| if I could believe the distribution were sustainable for several years.|
I don't think we're going to have that sort of visibility.
And this is where the lack of knowledge of fertilizer industry and agriculture industry and commodities in general comes in to make long term forecasting difficult.
Fertilizer prices were in the dumps from 2016 to 2020. Why? I'm not really sure. Without that basic understanding, it's hard to forecast what will pull them back down once their current uptrend reverses.
In 2021 the February cold spell, the tariffs on Russian and Trinidad and Tobago imports and then Ida all contributed to price increases which had already begun in January. Why did prices jump so strongly in January? Not really sure, so .... hard to predict how prices go next summer if there are no new major production disruptions.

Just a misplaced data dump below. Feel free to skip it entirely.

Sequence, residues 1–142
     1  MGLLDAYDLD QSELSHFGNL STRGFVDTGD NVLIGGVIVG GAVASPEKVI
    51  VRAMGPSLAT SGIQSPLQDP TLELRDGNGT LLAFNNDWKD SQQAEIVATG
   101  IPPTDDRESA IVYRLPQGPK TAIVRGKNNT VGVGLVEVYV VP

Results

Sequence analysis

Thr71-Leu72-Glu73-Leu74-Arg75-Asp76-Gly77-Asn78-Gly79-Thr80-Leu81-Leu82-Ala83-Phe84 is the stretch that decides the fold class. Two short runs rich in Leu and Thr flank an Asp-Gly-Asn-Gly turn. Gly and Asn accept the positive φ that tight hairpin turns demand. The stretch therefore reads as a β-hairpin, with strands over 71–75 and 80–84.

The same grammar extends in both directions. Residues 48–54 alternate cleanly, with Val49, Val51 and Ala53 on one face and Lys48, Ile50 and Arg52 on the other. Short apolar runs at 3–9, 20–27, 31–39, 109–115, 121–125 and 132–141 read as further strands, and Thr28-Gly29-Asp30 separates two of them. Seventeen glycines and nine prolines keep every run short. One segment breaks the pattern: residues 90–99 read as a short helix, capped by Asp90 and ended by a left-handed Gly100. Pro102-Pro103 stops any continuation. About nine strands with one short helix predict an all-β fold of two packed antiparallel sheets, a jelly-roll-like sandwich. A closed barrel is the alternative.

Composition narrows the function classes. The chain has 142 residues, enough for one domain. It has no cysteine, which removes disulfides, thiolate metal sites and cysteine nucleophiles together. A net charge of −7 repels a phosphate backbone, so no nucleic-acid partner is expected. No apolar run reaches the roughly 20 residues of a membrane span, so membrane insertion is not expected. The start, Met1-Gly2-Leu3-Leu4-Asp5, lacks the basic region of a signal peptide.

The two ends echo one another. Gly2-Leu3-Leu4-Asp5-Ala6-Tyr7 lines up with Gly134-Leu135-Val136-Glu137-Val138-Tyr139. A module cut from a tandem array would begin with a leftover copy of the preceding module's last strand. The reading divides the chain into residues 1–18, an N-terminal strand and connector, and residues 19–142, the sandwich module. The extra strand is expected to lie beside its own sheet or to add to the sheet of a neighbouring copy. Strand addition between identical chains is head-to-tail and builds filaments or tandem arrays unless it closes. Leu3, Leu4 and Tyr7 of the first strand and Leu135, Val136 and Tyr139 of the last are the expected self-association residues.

Currently it seems like they'll go up for a long time, but all it takes to change that view is to have them go down for a while, and then who knows what happens next?
However, I think due to interest savings from the debt refinance the "break even" UAN fertilizer price has been somewhat reduced. So, as long as UAN is above $200/ton they're going to distribute something reasonable, and UAN today for H1 is about $550/ton, so we're way above the zero distribution prices.